Weight: 3 pounds 1.3 ounces
MSRP: $525

First introduced around a decade ago, the Roni series of conversions were the first popular commercially available pistol-in-a-carbine-shell versions. With this in mind, we found it appropriate to cover the first generation of EMA adapter as well as the latest CAA-branded models later on in this piece. In some ways, the Gen 1 series is actually better than the latest. And also, you can tell it was developed prior to braces being accepted, as this one is totally SBR-only, and even features a disclaimer about this molded inside the shell itself. Later G1 models were available with braces as well. The Roni allows for standard AR-height optics to be used, which really opens up your options.

While not initially intuitive, installation is very quick once you learn how to do it. Captive takedown pins are popped out on either end of the assembly, and a muzzle portion and stock portion are both partially pulled out. Once this happens, the main shell can be opened. A polymer charging handle adapter nests in between the OEM rear slide notches, and everything drops in place. Then, either end is pushed together, and the captive takedown pins inserted back into place.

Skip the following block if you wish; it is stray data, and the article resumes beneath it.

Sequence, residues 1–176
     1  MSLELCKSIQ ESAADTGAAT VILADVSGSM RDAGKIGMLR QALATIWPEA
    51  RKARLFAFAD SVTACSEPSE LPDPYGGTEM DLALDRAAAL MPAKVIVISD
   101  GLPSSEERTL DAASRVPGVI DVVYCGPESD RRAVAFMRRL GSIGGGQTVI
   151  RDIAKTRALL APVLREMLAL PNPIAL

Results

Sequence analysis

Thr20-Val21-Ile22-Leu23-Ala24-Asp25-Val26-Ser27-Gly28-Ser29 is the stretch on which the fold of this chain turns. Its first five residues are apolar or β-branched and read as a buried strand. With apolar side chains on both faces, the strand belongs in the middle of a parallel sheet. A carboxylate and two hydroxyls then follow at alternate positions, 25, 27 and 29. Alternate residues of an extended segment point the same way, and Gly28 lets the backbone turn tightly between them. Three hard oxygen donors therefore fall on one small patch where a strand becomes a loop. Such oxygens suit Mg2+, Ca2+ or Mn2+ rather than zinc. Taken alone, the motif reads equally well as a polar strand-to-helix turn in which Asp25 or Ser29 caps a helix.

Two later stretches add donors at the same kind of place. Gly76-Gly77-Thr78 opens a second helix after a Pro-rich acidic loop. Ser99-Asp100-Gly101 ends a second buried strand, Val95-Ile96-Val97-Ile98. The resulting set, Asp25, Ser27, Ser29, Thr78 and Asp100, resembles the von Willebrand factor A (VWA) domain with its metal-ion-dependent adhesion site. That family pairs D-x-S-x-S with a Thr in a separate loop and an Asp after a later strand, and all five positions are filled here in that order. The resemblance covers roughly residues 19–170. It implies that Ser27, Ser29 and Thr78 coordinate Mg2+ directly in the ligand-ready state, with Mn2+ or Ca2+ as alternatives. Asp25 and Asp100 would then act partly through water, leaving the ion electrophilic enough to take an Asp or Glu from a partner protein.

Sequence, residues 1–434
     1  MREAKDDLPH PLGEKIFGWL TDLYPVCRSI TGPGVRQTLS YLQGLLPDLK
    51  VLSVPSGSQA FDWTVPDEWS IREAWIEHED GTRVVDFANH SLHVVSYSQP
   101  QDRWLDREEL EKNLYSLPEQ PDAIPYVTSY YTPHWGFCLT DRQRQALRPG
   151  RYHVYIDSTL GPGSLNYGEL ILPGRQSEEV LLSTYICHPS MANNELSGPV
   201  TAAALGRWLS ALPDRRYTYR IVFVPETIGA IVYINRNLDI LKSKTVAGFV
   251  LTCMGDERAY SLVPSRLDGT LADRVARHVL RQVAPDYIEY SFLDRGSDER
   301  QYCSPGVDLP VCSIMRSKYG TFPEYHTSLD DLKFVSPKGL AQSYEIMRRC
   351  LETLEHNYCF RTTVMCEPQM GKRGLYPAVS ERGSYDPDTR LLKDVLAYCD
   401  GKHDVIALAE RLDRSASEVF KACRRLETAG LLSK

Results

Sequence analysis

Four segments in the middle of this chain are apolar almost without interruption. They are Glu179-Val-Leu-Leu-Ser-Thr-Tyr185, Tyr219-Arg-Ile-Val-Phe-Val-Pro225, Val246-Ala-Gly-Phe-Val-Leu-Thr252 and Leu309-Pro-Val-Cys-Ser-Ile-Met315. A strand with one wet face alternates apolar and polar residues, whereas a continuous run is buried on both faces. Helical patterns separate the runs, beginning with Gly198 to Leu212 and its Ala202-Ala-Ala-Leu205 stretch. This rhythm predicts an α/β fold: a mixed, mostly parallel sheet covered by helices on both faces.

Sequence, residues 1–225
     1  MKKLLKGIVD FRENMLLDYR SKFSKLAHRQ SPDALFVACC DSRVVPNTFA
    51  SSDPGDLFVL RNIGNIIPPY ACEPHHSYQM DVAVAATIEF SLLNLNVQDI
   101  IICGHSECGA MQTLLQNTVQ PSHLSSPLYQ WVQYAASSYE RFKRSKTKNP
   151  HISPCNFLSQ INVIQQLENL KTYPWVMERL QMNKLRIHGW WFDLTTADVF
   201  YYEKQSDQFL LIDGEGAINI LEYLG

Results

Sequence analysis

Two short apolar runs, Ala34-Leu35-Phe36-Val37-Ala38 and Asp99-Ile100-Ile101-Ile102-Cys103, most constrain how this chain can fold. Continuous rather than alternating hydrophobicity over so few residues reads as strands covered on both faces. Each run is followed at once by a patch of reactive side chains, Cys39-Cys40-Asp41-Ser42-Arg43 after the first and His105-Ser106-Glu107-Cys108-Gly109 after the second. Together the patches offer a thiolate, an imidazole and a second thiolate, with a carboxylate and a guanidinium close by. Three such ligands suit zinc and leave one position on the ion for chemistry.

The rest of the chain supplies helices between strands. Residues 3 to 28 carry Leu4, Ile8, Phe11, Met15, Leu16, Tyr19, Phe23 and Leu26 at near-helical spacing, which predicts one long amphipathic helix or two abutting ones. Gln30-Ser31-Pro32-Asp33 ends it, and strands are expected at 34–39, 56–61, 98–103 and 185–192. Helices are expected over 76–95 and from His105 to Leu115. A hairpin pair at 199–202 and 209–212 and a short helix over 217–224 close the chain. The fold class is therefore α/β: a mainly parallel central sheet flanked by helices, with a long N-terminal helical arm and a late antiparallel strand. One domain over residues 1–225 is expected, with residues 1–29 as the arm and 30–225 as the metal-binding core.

Range Time & Notes:
As you may have surmised from the installation notes, only standard OEM slides can be used with the Roni G1. If you have any aftermarket slide or an RTF2, no dice. Though there were options made for other pistols down the line, the 9mm Glock version was absolutely the most popular. Most all magwells, extended magazines, and grip stippling is A-OK.